Thursday, January 31, 2013

more ice cream please

We had our lockdown drill today. After everything that happened in Sandy Hook I promised myself that I would never again complain about a lockdown drill. Practice is what will keep us safe.

But I can acknowledge the importance of doing something while simultaneously acknowledging how painful it is. Like going to the dentist. Paying taxes. Or taking away goldfish crackers from my daughter before dinner.

When I was a gen ed teacher lockdowns were tough. When I was a special ed teacher supporting kids in the general education classroom lockdowns were tougher. Now that I teach a self contained class they are really pretty awful.

The kids did great, all things considered. Any changes in routine are tough for us, not to mention the fact that we just introduced a new friend into our family. We are far from our A game without the lockdown.

We survived, we cheered when it was over, and we hope we never have to do it again this year.

I understand the importance of it, but like a painful dentist appointment I feel like I deserve a large bowl of ice cream for surviving.

And I thank the teacher gods that I don't work here. 

Wednesday, January 30, 2013

Back to the beginning

We got a new student today. That's 3 since September. This is fairly typical of a program for students with intellectual disabilities because the base schools start the year trying their best to meet the needs of all students. As the year goes on and they find that their school isn't the best fit they look to us.

The kiddo is awesome- a great addition to our crew. It's just- a new kid is tough! When I was a gen ed teacher I loved getting new kids. It was an awesome chance to reinforce our routines and do some more class bonding. It usually let the kids who had gotten comfortable with an unspoken identity in the class (the class clown, the quiet one, the helper) be forced into a new routine and a new place. It was good- shake us all up, get us on our toes.

And that's all still true now, it's just...  a bit harder. Today was like the beginning of the year again- trying to predict behavior, somehow trying to get three adults to magically turn into ten so that we could all be in different places at the same time.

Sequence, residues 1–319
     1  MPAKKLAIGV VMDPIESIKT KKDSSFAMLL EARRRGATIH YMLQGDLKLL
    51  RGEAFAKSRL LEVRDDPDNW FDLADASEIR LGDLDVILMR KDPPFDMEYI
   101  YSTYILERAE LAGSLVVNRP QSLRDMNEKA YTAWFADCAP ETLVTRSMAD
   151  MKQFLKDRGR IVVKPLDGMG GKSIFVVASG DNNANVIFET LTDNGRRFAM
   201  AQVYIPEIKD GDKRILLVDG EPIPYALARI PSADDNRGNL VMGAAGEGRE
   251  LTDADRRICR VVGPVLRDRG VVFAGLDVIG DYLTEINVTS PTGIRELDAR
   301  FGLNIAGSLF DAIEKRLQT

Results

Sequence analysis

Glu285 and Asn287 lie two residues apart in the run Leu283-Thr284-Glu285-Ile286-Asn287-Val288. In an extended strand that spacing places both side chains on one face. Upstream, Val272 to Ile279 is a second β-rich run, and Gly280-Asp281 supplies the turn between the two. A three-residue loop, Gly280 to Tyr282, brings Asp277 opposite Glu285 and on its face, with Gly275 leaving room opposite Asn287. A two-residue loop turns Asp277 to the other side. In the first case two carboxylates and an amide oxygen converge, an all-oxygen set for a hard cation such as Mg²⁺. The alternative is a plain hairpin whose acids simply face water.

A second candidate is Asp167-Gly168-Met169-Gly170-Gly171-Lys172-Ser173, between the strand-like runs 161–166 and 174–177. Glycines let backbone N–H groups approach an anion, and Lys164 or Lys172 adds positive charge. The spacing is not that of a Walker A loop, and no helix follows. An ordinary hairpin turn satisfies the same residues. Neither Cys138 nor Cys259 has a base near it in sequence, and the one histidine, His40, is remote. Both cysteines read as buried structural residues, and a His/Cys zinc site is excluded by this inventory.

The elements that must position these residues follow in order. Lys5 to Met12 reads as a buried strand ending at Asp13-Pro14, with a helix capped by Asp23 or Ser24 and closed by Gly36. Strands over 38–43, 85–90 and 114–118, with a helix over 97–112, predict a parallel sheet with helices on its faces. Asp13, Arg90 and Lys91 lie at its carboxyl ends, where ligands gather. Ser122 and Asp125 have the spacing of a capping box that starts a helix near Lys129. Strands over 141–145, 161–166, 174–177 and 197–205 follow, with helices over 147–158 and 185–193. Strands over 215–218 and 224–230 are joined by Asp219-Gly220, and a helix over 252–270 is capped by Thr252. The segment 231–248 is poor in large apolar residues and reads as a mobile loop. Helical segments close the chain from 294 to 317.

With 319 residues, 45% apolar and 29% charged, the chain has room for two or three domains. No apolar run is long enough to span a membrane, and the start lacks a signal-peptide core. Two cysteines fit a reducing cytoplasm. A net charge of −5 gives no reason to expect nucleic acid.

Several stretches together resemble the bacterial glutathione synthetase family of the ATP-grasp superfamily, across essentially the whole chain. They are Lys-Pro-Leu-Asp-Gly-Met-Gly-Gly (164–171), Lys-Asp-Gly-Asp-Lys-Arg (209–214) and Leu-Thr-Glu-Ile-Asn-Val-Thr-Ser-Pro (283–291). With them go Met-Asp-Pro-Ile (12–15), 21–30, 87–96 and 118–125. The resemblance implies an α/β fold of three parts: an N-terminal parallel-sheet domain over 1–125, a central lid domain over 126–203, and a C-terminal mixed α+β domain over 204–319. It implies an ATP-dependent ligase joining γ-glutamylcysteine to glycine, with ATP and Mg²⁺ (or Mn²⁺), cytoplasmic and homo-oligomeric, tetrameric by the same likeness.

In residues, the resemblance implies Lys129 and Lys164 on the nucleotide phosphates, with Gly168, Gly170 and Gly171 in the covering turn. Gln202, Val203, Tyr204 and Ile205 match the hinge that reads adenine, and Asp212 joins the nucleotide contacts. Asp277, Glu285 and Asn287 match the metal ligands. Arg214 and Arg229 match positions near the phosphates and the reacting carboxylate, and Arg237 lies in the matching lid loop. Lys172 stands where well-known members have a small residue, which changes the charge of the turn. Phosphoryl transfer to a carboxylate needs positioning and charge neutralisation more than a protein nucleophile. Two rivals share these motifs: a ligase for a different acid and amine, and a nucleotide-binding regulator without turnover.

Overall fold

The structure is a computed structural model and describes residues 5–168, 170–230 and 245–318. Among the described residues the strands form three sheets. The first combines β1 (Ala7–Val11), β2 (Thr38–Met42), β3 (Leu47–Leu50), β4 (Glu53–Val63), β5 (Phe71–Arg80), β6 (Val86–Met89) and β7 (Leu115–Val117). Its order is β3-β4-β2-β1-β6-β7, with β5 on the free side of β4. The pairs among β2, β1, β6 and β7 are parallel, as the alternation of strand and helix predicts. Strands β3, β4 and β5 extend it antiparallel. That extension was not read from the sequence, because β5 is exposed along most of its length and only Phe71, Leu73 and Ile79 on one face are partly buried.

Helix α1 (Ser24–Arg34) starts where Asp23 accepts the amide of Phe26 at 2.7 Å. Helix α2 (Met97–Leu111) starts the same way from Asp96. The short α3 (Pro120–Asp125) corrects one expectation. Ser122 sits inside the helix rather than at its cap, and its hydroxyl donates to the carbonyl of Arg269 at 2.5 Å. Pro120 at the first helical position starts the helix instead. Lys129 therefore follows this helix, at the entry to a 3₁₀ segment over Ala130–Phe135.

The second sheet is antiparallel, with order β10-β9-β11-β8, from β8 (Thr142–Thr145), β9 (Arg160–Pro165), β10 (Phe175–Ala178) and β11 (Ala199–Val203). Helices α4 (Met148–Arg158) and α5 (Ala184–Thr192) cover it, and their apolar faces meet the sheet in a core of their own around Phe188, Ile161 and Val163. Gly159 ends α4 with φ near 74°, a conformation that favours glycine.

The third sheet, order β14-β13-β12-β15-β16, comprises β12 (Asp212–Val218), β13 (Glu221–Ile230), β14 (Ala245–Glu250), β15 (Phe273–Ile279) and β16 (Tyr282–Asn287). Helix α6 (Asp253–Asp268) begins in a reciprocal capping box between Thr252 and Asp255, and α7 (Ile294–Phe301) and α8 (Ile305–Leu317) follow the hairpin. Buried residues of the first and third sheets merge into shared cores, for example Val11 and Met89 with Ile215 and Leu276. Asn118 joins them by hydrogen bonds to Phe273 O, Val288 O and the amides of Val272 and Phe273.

Change is hard for all my kiddos. It was a long day. It made me realize how far my kids have come since the beginning of the year- how independent they are, how confident and sure of themselves they are- how much I rely on them to be independent so that we can get our learning on. Today felt like that disheartening first day of school all over again when you wonder if it will be possible to ever get to the bathroom again.

We'll get our groove back and our new friend will become an integral part of our team, just like our other kids have become. We're lucky to have him and it's going to be a lot of fun getting to know him. I may just need more caffeine in the morning and more ice cream in the evening until we get ourselves on track.

Thursday, January 24, 2013

More exciting...

Yes, there is something more exciting than putting out water and finding it turned to ice.

It's a two hour snow delay when you get to re-live The Snowy Day by bringing in snow and watching it melt (but playing with it first).

One of my fabulous coworkers told me she was bringing in a bunch of snow for her class of students with intellectual disabilities to play with.

In ten years of teaching why have I never thought of this before?!?!?

It was so much fun, with no clean up other than wiping down the table (the table is much cleaner now as well after having all that water scrubbed onto it).  We worked on vocabulary (cold, hot, wet, soft, white, melt), discussed the states of water (watching the snow melt and turn into water) and made connections with The Snowy Day. I'd say that was 20 minutes well spent.

Wednesday, January 23, 2013

Is there anything more exciting...

than discovering that the cups of water you left outside in the morning on a cold, cold winter day have turned into ice.

Except maybe discovering that you can turn it back into water by running hot water over it.

Science is MAGIC when you are six and seven. 

There had to be something good coming out of the 17 degrees on the thermometer this morning. 

Tuesday, January 22, 2013

Re-thinking writing workshop for students with intellectual disabilities

Before this year writing workshop was always my favorite time of the day. I love helping children get their thoughts and ideas on paper. I love the insights into their world that come out during writing conferences. I love the amount of literacy skills I can teach in a good writing lesson.
This year has been a bit different though.
Some of my children are ready for a traditional writing workshop with a focus lesson and the independent and guided writing, ala Lucy Calkins or Katie Wood Ray. Some still struggle to draw meaningful pictures or communicate with words or gestures so getting them to write books was a challenge in the beginning. I tried to teach it the way I had before, which worked for some of my kids but not all.